We can’t ever truly look into the conscience of a person and know what they’re honestly feeling. We can only surmise those feelings through their words and their deeds. Someone may be genuinely concerned about homelessness, but if they do nothing and say nothing about it, and instead all we hear from them are complaints about panhandlers, then we are correct in assuming that someone is apathetic at best toward the plight of the homeless, and hostile at worst. It is not up to us to ignore their words and deeds and assume they feel something other than what they demonstrate; it is up to the doer to demonstrate how they truly feel if they wish others to believe them.
When the president says he cares about the victims of Hurricane Maria, we have two choices: take him at his word, or watch what he does. If the two match up, then we can conclude that his words are truthful. If the two do not match up, we have to question his words or his deeds. Words are cheap, which is why we hold as a truism the proverb “Actions speak louder than words.” So when the president says that he cares about the victims of Hurricane Maria, but his only action is to show up for a couple of hours and toss paper towels to a pre-selected crowd of admitted supporters, we can rightfully conclude that his words don’t mean shit.
Likewise, any person can say, “I’m not a racist”—a phrase that I believe should become a de facto confession to racism. In fact, it’s so easy to say that the phrase is meaningless. It doesn’t mean anything any longer, except that the person who just uttered it is most likely a racist. When someone tells us they are not a racist, the very first thing we should do is dig into their history of behavior and look for evidence that they are a racist, because I can guarantee you that the only reason that phrase was used was that the person using that phrase just got through engaging in racist behavior.
Let’s take a field trip to Utah.
I thought people were better than this especially my so called “friends” pic.twitter.com/8yD9h7YZE2
— 7 (@WarriorTy7) October 16, 2017
Here’s the story as it’s currently known. 5 high school cheerleaders from Ogden, Utah filmed themselves saying “Serggin cuff” and then used an app that will play whatever you record backwards. They then uploaded the video to Instagram and the girl who posted the video commented, “serggin cuff” when she posted it, as you can see in the grab in the above tweet.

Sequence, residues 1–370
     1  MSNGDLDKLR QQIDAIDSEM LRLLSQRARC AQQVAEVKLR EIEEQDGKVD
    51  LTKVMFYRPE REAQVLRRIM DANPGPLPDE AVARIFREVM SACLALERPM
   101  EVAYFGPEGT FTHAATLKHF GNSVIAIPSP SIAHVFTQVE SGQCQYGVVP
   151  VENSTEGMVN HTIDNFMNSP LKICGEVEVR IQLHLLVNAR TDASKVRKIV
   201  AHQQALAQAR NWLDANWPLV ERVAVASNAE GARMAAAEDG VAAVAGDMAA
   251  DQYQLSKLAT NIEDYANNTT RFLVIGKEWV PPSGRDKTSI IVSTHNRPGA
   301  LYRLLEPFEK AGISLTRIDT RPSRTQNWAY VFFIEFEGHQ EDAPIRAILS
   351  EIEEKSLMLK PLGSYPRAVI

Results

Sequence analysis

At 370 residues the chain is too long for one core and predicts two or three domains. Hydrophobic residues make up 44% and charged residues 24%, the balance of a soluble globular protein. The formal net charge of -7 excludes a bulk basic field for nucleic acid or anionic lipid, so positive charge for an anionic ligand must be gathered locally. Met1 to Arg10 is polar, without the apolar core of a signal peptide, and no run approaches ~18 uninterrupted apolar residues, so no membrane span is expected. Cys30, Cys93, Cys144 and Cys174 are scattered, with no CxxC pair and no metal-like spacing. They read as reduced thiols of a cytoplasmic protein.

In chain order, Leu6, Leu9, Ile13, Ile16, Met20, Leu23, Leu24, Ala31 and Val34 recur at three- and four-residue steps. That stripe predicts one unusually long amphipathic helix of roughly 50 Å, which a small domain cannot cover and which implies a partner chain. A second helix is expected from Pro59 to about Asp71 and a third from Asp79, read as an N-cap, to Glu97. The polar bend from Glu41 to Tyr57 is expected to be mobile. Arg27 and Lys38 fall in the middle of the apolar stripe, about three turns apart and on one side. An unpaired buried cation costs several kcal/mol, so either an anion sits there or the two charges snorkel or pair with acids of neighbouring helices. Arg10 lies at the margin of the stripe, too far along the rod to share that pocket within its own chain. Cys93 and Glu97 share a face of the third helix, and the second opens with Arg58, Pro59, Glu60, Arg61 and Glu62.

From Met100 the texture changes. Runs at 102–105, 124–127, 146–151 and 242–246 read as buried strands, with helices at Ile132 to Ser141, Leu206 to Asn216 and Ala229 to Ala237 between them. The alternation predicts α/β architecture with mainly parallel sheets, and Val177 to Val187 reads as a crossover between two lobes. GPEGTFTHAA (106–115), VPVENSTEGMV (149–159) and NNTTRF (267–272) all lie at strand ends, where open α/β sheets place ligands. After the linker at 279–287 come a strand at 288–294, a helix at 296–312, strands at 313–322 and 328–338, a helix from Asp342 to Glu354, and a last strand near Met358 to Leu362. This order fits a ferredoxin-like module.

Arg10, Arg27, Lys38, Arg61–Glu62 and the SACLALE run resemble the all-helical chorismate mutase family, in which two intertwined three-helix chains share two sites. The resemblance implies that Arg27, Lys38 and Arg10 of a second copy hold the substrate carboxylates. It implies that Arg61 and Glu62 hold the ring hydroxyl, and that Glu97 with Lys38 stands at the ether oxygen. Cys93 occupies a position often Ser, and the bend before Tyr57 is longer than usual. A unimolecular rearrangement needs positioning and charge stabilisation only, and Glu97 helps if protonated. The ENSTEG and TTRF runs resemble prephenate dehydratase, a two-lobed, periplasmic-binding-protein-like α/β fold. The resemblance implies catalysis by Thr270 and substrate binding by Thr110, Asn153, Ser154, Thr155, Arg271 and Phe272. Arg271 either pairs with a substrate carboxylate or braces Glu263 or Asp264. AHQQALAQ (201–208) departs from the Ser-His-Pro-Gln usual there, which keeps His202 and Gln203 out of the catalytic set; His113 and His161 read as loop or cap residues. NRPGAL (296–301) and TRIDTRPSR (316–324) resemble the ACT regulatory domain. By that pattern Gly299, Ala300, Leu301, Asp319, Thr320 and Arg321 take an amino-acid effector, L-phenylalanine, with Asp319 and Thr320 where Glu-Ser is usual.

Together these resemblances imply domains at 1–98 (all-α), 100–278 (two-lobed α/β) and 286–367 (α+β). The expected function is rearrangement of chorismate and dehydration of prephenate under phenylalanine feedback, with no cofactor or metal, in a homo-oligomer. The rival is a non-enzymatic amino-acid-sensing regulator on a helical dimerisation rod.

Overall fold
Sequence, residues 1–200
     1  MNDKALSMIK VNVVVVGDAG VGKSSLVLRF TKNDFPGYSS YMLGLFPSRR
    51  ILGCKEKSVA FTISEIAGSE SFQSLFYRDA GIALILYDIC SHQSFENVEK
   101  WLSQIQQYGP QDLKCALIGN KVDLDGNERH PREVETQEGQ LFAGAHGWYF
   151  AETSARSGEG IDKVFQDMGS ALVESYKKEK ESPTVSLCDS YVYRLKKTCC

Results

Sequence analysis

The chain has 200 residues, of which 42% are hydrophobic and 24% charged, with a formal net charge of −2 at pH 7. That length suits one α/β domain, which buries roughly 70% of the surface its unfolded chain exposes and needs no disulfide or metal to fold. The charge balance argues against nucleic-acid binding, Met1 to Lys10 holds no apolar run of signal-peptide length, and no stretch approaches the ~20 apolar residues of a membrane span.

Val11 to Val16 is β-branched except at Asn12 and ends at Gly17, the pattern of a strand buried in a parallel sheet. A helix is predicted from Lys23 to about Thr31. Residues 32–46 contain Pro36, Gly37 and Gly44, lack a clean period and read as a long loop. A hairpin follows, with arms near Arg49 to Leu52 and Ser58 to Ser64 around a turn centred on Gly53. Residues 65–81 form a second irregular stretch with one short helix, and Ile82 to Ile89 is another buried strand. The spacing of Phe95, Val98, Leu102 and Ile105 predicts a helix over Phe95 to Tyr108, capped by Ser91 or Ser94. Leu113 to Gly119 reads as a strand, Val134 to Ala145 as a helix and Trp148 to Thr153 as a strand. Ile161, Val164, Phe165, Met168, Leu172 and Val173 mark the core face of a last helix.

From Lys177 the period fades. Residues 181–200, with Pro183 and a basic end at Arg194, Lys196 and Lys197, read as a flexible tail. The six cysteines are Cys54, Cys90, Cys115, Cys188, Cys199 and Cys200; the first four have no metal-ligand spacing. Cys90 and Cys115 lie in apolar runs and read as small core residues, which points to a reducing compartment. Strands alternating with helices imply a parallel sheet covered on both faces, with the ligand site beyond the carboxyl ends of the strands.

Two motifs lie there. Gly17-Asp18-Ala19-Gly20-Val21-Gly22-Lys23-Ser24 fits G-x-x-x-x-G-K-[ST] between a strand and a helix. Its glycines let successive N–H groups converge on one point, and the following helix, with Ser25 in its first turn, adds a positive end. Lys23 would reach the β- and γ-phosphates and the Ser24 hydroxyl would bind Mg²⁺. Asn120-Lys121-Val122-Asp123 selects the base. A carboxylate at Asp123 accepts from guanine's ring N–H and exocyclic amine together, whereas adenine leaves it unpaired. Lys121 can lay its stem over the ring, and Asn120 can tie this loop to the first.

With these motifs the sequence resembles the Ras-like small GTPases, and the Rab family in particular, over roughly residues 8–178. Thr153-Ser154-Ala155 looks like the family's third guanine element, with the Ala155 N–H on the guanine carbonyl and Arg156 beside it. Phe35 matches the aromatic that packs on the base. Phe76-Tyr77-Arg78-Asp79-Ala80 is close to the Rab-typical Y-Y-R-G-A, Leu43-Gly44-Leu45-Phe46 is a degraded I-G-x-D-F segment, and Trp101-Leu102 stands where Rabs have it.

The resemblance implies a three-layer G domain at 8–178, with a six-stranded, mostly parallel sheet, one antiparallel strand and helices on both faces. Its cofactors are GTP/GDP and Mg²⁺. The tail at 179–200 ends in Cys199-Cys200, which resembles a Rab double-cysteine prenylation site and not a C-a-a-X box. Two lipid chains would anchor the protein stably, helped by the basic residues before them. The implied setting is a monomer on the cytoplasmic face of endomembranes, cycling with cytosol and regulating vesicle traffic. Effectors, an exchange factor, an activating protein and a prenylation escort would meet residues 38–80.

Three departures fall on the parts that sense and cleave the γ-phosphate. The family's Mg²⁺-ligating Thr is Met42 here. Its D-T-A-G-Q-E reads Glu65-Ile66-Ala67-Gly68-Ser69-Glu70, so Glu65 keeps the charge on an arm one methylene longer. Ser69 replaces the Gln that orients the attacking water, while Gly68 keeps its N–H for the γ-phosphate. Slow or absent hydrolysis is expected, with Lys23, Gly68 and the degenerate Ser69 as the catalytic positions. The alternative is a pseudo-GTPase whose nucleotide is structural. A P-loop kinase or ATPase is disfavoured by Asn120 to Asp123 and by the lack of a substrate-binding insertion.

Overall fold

Now, here’s where the story gets sadly, and predictably, and stupidly, confusing. The video went viral, and school officials at Weber High School in Ogden said they take this sort of thing very seriously, very seriously, indeed (because what else are they going to say? The truth? That they feel the same way? Fuck no. They’re going to do their “Thoughts-and-prayers” routine and blurt out the standard line about how shocked they are, and about how they take this sort of thing very seriously, and how they are going to look into this and blah blah blah blah blah).
The district of course made matters worse when they tried to explain away what we all can see by issuing a statement that read, in part:
School officials have started an investigation and the matter is being taken very seriously. We are trying to determine when the video was made, where it was filmed, why the students would engage in such conduct, and how the clip ended up on social media.
We also wish to remind everyone that these are kids, and sometimes kids do really stupid things without thinking.
Certainly, there are no excuses for this type of behavior, but they are still children in a sense and hopefully this will be a learning experience for them and others.
It is believed the group was playing around saying gibberish words into an app, and when the recorded phrase is played backwards, it sounds like racial slur.